Marvin Winans, a Grammy-winning performer as well as a pastor, never expected to be involved in operating a school or promoting alternative public schools. But he is and he loves doing it.
Winans is a member of the world-famous Winans family, which includes three generations of performers. He attained celebrity status during the 1980s when his gospel quartet, the Winans–which included three of his six brothers–won six Grammy Awards.
Winans’ parents, David and Delores–professionally known as Mom and Pop Winans–have recorded several albums’ worth of gospel music. His brother BeBe and sister CeCe are recording stars in their own rights, with gospel and R&B hits. Sisters Angie and Debbie, the youngest members of the family, as well as some of Mom and Pop’s grandchildren, also have recorded albums. The three generations of the family have collected 31 Grammys.
It’s no surprise the Winans are sometimes called the First Family of Gospel Music: They are the gospel equivalent of the rock and roll Jackson family.
Starting a School
In addition to his music career, Marvin Winans founded a non-denominational Christian church in Detroit, called Perfecting Church, in 1989.
About 10 years ago, Perfecting Church was growing so rapidly the congregation bought a new building–one that previously had housed a private school. Winans never considered starting a school.
But an attorney friend, Lawrence Patrick, who knew Michigan had a passed a charter school law in December 1993, encouraged Winans to start a charter school.
In 1994, 13 charter schools sprouted up across Michigan–a number that multiplied through the end of the decade.
“I never felt the call to have a school,” Winans said of his reaction when Patrick first broached the idea with him. “I was a preacher and singer, not an educator.”
Designing a Program
Winans was not at all opposed to public schools–he himself was the product of Detroit Public Schools.
“Growing up in a family of 10, there was no money for parochial schools,” Winans explained.
But he also knew Detroit Public Schools had developed many problems over the years. In fact, Winans had moved his wife and two children out of the city to give them access to better schools. He believed people still living in the city needed more options.
The more Winans thought about it, the more he became attracted to the idea of a charter school. As a public school, it couldn’t charge tuition, but it could operate with a rigorous curriculum. And it could rent the facilities in Perfecting Church that previously had been used for the private school.
Operating the School
Winans and some supporters completed the application process to start a charter school, the Marvin L. Winans Academy of Performing Arts–which, as the name suggested, would have specific focuses on music and dance. In 1996, Saginaw Valley State University approved the application, and the school was born. Under Michigan law, colleges and universities, as well as local school districts, can authorize charter schools.
For the 1997-98 school year, Winans planned to have a maximum of 288 students in grades K-5, with two classes of 24 students in each grade. A private school operator who had advised Winans through the chartering process proposed including a $40,000 advertising budget, but Winans wasn’t interested.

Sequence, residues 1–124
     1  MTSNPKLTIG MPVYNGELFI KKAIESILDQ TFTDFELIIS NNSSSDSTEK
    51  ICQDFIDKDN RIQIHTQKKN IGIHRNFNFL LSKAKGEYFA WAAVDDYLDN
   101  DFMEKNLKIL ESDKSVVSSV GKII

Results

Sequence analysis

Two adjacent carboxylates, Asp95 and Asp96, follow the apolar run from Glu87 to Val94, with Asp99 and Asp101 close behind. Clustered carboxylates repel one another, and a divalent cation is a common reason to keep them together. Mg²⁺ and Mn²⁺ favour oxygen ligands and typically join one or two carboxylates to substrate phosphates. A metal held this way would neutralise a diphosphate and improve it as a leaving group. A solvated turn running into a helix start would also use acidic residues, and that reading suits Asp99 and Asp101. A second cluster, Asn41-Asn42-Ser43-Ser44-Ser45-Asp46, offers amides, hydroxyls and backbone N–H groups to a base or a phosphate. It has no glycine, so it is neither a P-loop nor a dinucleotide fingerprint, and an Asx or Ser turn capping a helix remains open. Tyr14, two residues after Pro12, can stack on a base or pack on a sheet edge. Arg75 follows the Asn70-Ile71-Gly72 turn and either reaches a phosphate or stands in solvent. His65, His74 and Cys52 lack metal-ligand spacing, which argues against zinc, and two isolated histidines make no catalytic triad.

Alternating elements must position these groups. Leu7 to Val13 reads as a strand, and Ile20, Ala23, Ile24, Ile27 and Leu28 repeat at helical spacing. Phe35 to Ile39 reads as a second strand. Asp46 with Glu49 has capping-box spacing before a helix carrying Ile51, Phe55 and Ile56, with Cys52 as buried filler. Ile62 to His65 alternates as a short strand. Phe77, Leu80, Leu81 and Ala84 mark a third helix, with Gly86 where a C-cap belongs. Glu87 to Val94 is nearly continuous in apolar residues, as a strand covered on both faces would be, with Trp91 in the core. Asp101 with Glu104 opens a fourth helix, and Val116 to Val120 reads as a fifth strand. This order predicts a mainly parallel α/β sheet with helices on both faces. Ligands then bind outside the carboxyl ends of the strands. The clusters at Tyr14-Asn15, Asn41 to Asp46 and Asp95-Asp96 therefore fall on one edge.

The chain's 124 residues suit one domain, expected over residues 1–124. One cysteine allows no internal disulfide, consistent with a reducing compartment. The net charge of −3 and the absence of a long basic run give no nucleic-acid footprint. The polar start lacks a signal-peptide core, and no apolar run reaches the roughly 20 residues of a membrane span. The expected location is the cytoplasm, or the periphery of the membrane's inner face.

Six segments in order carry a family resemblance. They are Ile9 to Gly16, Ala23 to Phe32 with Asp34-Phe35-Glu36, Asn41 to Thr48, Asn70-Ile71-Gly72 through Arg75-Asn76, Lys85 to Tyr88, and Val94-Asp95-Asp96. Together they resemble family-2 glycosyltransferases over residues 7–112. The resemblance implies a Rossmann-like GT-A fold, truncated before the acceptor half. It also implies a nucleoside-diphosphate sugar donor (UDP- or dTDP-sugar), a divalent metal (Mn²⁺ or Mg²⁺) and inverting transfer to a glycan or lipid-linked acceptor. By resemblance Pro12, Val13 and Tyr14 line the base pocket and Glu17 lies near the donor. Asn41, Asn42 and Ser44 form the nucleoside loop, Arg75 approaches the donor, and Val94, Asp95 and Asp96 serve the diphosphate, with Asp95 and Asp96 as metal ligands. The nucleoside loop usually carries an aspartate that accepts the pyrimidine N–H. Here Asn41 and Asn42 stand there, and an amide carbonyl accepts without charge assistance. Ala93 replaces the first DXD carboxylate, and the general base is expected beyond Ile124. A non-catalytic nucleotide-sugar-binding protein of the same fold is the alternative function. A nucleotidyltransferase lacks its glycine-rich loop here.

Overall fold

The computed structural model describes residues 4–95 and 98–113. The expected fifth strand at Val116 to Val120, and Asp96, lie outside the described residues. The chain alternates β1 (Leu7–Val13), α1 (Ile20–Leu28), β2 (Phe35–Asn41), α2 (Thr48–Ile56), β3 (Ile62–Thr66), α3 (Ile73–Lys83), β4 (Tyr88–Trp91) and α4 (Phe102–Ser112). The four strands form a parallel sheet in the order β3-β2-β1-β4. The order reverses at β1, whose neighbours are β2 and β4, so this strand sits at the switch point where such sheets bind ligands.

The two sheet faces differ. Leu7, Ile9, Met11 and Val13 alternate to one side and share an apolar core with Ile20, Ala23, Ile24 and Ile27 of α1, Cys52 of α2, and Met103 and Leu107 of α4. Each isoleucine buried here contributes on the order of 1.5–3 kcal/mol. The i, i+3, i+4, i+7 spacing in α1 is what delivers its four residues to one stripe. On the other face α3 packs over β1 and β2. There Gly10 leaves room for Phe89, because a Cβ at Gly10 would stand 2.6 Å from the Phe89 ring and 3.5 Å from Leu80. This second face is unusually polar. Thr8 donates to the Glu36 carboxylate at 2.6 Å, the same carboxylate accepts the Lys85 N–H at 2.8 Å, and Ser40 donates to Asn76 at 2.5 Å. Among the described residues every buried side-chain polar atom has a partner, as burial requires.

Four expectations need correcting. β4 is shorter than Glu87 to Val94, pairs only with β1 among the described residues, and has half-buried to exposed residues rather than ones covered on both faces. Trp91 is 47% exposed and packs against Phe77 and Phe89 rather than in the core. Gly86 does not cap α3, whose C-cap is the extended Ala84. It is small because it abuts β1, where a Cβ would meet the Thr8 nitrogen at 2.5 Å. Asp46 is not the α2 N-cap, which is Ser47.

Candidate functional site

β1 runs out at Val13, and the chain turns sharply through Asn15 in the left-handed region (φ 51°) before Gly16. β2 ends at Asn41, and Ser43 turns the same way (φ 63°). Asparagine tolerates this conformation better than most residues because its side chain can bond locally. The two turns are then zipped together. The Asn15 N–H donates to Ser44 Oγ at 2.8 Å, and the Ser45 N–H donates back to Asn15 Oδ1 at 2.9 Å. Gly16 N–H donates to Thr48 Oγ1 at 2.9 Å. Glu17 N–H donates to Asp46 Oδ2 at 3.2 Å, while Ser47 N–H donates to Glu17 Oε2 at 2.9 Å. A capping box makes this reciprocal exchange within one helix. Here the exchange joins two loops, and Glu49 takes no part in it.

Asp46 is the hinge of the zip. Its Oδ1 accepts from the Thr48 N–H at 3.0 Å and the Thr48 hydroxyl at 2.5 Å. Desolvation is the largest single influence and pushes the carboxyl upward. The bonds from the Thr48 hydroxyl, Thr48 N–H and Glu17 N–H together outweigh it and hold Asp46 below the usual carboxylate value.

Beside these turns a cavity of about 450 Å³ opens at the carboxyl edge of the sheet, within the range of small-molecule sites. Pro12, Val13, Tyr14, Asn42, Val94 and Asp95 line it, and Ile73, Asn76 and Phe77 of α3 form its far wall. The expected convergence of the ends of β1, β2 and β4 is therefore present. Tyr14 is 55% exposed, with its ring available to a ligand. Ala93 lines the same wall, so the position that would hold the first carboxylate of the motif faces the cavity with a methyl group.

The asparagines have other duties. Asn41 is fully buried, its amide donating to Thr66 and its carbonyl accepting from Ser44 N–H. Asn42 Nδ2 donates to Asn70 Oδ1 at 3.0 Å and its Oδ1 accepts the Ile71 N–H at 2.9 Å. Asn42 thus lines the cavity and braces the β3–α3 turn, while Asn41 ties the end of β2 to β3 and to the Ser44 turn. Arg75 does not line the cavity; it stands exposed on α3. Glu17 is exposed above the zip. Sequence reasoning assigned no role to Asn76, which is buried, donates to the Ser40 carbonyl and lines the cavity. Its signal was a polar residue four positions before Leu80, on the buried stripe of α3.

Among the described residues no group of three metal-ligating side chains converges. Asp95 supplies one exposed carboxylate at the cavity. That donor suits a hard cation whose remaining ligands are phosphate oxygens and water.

“I told him to take out the $40,000,” Winans said, explaining Detroit residents were so desperate for good schools there was no need to advertise.
He was right: The school received more than 1,000 applications in its first few days.
“The applications came from all over the city and definitely not just from Perfecting Church members,” Winans said.
Under Michigan law, charter schools can’t give preferential treatment to any students when there are more applications than available seats. While he was pleased with the overwhelming response, Winans did have one worry: One of his nephews had applied, and he couldn’t guarantee him a spot at the school. However, his nephew was later selected to attend the school through a neutral lottery–something Winans said was good for family relations.
Winans’ nephew wasn’t the only one who was pleased to get in.
“As names were pulled, people screamed,” Winans explained. “They treated it like winning a contest.”
The school teaches more than performing arts: Students study all the appropriate college-prep courses, including reading, math, history, and science. Each year, they take the same state tests as all other Michigan students.
The performance training has paid off as well, as several graduates have attended the summer program at the Debbie Allen Dance Academy, considered one of the best of its kind in the country. Actress Phylicia Rashad–better known as Claire Huxtable from the long-running TV series The Cosby Show–gave the Winans Academy’s first commencement speech, in 2005, and paid the tuition for students attending the dance academy. Allen is Rashad’s sister.
Finding teachers who wanted to be at the school was extremely important to Winans.
“We wanted teachers who weren’t just there to make a living,” Winans explained. “We also expect that parents will take ownership in the school,” said Winans.
Since its inception, the school has grown significantly, adding an additional grade each year. Today, the school serves students from kindergarten to grade 12, now educating more than 800 students. But even as available seats have increased, Winans faces the same problem each year: more applications than the school can accommodate.
But that hasn’t affected the school’s performance. In 2005, the Winans Academy was one of three finalists, from more than 220 charter schools statewide, to receive the Michigan Association of Public School Academies School of Excellence Award.
Michael Coulter ([email protected]) teaches political science at Grove City College in Pennsylvania.
For more information …
More information about the Winans Academy is available on its Web site at http://www.winans.spfs.k12.mi.us/.